I’ve always shied away from blogging about finding a job - I feel it can be controversial and I don’t see many other people doing it. However I’m going through the process myself again at the moment and wanted to share some advice. This is advice I’ve learnt myself before and always forget! Think of this as a memo for Future-Claire.
Note: I’m a software developer in the North of England. This is the sector in which I’ve gained my experience, and so some of it might not be relevent to you.
The general format of interviews for a software developer, at junior, mid and senior levels is often like this:
- apply with CV, internally or via an external recruiter
- telephone interview with a developer at the company
- tech test completed at home on your own time
- on-site interview
This can vary, and this is where the problems start for face-to-face interviews. Now I’ve never not got a job without an onsite interview and I would never take a job without visiting the office or colleagues where I want to work. But attending a face-to-face interview is very expensive. It costs:
- time: time spent organising, taking time off from work (unless they can fit you in after your normal work), time spent preparing, time spent travelling
- money: this will possibly be somewhere away from your normal commute, you might be taking paid leave to attend the interview which you could be spending on other more fun things
- energy: nerves before the interview, energy spent preparing for questions, energy spent hiding from colleagues!! (it can be quie stressful keeping your job-hunt secret from those in work, as it’s not always appropraite to share)
You should think very hard before accepting a face-to-face interview. For me, the in-person interview is the part where you decide whether your personality fits in with the company, and the same for company interviewing you. This is not the place to find out you don’t have the technical skills to do the job. If your recruiter has skipped a telephone interview and there isn’t a techincal test, then don’t trust that they’re completely sure you pass all the techincal requirements for the job. People are busy and inexperienced in interviewing, and frankly don’t care about the time and effort you have to put in to attend an interview. Ask for a telephone interview with a developer. Ask for more details on the role: what libraries or frameworks will you be working with? Can you get a developer from your potential team to confirm that you have the right skills? Do not assume that the person in charge of your application has thoroughly gone through all your public GitHub repos, or even read your CV properly before offering an interview. Trust your gut - if you haven’t spoken to a developer and the recruiter dismisses you, make some neutral excuse and withdraw.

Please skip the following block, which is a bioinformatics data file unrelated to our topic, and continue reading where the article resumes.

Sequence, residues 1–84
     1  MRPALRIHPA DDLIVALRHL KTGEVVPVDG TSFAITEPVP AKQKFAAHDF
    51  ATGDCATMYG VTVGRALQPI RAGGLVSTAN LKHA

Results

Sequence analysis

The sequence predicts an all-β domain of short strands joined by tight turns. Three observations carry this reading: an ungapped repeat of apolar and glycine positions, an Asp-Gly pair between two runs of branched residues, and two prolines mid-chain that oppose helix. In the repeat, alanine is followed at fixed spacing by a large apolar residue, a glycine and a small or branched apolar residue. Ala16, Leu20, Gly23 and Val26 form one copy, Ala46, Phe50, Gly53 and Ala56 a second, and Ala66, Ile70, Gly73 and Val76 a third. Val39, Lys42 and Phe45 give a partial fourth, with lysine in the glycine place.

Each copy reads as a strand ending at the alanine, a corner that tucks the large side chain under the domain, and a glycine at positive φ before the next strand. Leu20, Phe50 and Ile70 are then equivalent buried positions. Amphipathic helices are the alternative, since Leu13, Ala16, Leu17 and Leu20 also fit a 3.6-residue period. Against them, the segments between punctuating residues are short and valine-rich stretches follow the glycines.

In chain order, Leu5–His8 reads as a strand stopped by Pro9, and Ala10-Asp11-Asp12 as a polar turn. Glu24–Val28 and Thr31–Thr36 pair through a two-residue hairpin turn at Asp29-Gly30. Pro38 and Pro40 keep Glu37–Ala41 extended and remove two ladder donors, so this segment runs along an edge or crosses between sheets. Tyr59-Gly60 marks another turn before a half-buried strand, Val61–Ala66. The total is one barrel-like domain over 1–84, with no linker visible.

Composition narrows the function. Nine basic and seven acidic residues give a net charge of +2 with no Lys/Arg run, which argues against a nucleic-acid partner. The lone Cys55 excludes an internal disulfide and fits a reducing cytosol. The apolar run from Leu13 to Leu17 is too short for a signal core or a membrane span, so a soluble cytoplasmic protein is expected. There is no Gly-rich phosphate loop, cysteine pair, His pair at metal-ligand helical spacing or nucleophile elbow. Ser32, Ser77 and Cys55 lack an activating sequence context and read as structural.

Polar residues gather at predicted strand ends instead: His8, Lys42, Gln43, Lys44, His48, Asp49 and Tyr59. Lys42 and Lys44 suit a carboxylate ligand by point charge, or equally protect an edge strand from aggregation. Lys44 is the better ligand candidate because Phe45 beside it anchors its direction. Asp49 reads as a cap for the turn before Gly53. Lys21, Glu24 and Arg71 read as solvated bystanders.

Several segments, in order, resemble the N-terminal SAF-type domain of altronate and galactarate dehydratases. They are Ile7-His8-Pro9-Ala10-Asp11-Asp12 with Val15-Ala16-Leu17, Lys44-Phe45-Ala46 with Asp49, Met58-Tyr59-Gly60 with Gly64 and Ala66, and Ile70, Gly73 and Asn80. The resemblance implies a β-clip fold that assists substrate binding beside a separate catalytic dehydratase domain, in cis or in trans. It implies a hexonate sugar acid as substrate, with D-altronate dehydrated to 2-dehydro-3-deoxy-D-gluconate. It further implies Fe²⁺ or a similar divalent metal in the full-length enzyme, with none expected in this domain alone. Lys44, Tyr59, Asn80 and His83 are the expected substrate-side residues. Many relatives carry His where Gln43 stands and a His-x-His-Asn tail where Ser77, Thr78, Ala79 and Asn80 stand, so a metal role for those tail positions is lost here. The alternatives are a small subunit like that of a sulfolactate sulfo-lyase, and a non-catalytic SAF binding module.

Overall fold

My worst horror story is booking an afternoon off for an interview, back when I was a junior developer. I had a few months Ruby experience and 18 months in total in the industry. I arrived at the interview, which was arranged through an external recruiter, no telephone screening or techincal test beforehand. Within five minutes the interviwers explained the role to me and that they were looking for a senior Ruby developer to build applications from scratch. This was far far beyond my capabilities at the time although I saved face and managed to get through another 45 minutes of the interview, they even showed me the office!
A face-to-face interview is not:
- the first time you learn about the details of the role
- the first time you discuss your technical experience
- the point in which both you and the company decide whether you’re a good fit for the team
Sometimes you can’t avoid this though, and the people interviewing you just won’t have considered your application properly. But do the best you can and be prepared and understand all you can before accepting an interview offer. If you feel you have other options out there and you don’t purely want “interview experience”, then if your gut is telling you, don’t accept the the interview. Your time is very precious, please don’t let potential companies or recruiters waste it!